§ MR. AYRTON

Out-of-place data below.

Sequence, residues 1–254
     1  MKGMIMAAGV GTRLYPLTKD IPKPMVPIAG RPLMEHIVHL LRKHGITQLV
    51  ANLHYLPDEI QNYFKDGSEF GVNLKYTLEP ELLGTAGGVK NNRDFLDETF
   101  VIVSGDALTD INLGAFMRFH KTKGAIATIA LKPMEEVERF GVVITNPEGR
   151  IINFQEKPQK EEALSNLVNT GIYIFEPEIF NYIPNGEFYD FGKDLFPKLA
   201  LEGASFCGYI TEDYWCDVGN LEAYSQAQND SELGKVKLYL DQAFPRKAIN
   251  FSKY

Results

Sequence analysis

rose to call the attention of the Secretary of State for War to a Petition which he had to present on a subject that had excited great interest throughout the country. The petition emanated from 6,000 working men, who complained of the employment of Sappers and Miners in building the new barracks at Chelsea. The circumstances stated in the petition were these:—Some time ago a builder named Higgs had taken a contract from the Government for the construction of these barracks. After he had made that contract he determined to alter his mode of paying his workmen, and to pay them in future by the hour. His men, thereupon, declined to continue in his employ. He believed that out of about 400 masters in the Metropolis only about twenty-five had adopted this new and as the men believed most objectionable and demoralizing mode of paying their workmen. The consequence was that the men refused to work upon these terms, and the contractor could not get persons to carry 1868 on the building. Instead of calling upon Mr. Higgs to fulfil his contract, and if he failed to do so giving the work to other contractors, the Government had, it appeared, sent for a body of Sappers and Miners, and let them to the contractor. This proceeding had astonished the working people, and the only justification he had heard of it was that the work was to be done for the army, and it was necessary that it should be completed at as early a period as possible. That would be a good reason for rescinding the present contract, and putting a new one in the hands of some person who, by the proper employment of men, might command any amount of labour, but it was no justification for the Government letting out to a private contractor the services of soldiers in the army. It was stated in the petition that the workpeople considered it a grievance that they should be taxed in the first instance to raise an army, and then that that army should be let out in order to prevent them settling among themselves in what manner and under what conditions they should be employed. The petitioners, therefore, prayed that the House would take some steps to put an end to this proceeding. He had no doubt that the course taken by the War Office had been inadvertently adopted without considering its serious consequences. If, whenever a dispute arose between masters and workmen, the Government assumed such an attitude, though they might obtain the cheers of the employers of labour who generally sat in that House, yet just in the same proportion they must alienate from themselves personally the good feeling of the great body of the English workpeople. He trusted that the Secretary of State would be able to announce that the Government would withdraw from the position which they had inadvertently taken up, and that they would at an early day put an end to the employment of these soldiers. He was told that, notwithstanding any topics in dispute between the workmen and the employers, the workmen took a just view of their position, and gave an assurance that they desired to make no difference with respect to works under existing contract; but these masters, with an arrogance which they had better have avoided, insisted on introducing a new system, and the workmen in self-defence withdrew from employment. It was a mistake to say that they "struck" in the technical sense of the 1869 term, for it was, in truth, a "lock out" on the part of the masters, because they chose to change the conditions of employment.